Monday, June 17, 2013

General Advice on Writing!

Hello! It's been a long time. I am preparing for an epic trip to Barcelona for the International Congress of Vertebrate Morphology ( I am hurriedly re-analyzing data and putting together my talk. I'm also attempting to submit at least one manuscript before leaving in three weeks (we'll see!), which reminded me of a topic I wanted to post about, writing! Disclaimer: I am not necessarily the world's expert on writing scientific manuscripts but I do have considerable experience and hopefully some useful advice. This is not intended to be an instructional on "how to write an introduction/discussion section." You can consult numerous books and courses on scientific writing.

So, you're part way through your graduate school experience and it's time to start writing your first manuscript for submission to a scientific journal. What's the first step when staring at the awful blinking cursor?

1) Outlining

Yes, since high school we have all been told we should create an outline before starting the writing process. But we're not necessarily taught how to make a good outline. Here are what I consider to be bad and then good outlines. I have used the introduction section as an example but the general advice applies to all sections of the manuscript.

Paper title: Cuteness index for prairie unicorns


Write something about unicorns
Write something about cuteness
Unicorns are awesome and breathe rainbow fire


Unicorns are related to horses

  1. Closest relative is extinct Dinohippus (cite Fraser et al. 2013)
  2. Possess horns
  3. Much cuter than other living equids (cite Equus and Fraser, 2012)

Unicorn cuteness can be measured as the index of horn length to tail length

  1. Horn length is a measure of breeding vigor (cite James and Cutie, 1988)
  2. Longer tails make unicorns more attractive mates and are proportional to strength of rainbow fire breathing (cite D'ior and Gabbana, 2001)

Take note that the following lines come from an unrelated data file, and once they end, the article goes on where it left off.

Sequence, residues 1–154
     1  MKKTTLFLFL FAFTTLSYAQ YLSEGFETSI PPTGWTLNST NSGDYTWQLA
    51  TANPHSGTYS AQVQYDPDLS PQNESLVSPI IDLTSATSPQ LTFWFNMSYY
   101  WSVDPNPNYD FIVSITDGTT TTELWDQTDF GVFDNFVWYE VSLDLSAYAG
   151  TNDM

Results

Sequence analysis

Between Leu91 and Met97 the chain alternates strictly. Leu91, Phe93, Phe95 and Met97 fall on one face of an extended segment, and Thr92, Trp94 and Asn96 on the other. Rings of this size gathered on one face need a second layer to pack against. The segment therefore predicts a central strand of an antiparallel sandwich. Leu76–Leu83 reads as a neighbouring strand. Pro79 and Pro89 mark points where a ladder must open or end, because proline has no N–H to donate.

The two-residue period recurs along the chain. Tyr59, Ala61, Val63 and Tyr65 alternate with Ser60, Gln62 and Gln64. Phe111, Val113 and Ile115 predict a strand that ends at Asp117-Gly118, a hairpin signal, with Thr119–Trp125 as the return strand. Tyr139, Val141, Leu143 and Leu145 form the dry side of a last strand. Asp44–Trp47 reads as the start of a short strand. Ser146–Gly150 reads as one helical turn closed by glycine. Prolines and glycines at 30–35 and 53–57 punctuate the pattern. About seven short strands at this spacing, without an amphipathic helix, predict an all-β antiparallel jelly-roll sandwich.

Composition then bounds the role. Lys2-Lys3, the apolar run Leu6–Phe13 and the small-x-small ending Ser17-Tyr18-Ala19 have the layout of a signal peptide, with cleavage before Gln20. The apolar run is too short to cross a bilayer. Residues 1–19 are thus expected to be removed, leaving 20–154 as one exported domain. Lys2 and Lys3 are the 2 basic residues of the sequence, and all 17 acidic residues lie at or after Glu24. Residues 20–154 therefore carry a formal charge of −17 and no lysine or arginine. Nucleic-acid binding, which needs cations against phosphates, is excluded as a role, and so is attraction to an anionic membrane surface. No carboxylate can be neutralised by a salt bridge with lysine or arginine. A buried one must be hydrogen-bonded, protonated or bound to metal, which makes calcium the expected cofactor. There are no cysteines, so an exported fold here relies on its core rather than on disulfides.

I won't go on any further. The point I am trying to make here is that a good outline should be detailed and guide your writing on the topic (even if it isn't unicorn cuteness). A good outline will bring together the relevant information and literature.

2) Start "barf writing" (also called stream of consciousness writing, if you prefer something less grotesque)

I don't mean projectile vomiting at your computer screen (although I have had the urge once or twice!). Once I have made an outline, I start filling in the gaps. Importantly, I don't spend much, if any, time editing my writing at this stage. Why? It's better to get your ideas and thoughts on paper and then cut them down or add to them later as needed. Additionally, if you "edit while you write" it will take exponentially longer to write the paper. 

Your "barf writing" will likely be terrible. But that's okay! No one has to see the paper at this stage. I have written some absolutely awful sentences during barf writing but that's what editing is for!

3) Edit like mad (re-write entire sections, if need be)

I am using the word edit very broadly here. I say I am editing even when I am re-structuring paragraphs and moving sentences from one paragraph to another. This is the stage where I asses the flow and structure of the paper. The introduction, for example, should introduce the problem of the study early on and then explain the details of the problem and how it will be solved. I carefully assess the flow of each sentence and it's placement in the paragraph/entire section. Anything that doesn't fit, is cut. The introduction/discussion (at least) should tell a story that flows logically from one element to the next. Resist the urge to tell the reader everything you know about the topic. We don't want to bore them! We want to lead them logically through the problem, convince them it is important/interesting, and tell them how our study is a great way to address it.

I admit this is the most challenging part of writing a scientific paper and it takes the longest. But I find it the most rewarding. As a coherent paper starts to form, I enjoy the sense of accomplishment. 

I wouldn't call this post exhaustive advice on writing scientific papers but it is a start and I consider the points above to be among the most important. If you have any tricks or advice, leave them in the comments!


  1. Ha! I call 'barf writing' the 'word vomit' stage of writing.

    This probably makes me weird, but I very rarely write much of the introduction first - usually I just write a little bit of background to get me started. Methods and results are the easiest to write first, so I usually do those, then spend a long time on the discussion, then go back and write the introduction to make sure it actually introduces what I'm talking about.

  2. I totally agree. I often start writing the materials and methods before I am fully done the project. I will generally also write the results second. Sometimes, if I am waiting for analyses to come in, I may start the introduction early but I do sometimes have to edit it as my thinking about the paper evolves.

    I only used the introduction as an example. I did intend to add something about the order of writing but I forgot!

  3. I disagree. Unicorns are superficially equid-like pecorans.

  4. You'll just have to write a strongly worded response to my unicorn paper!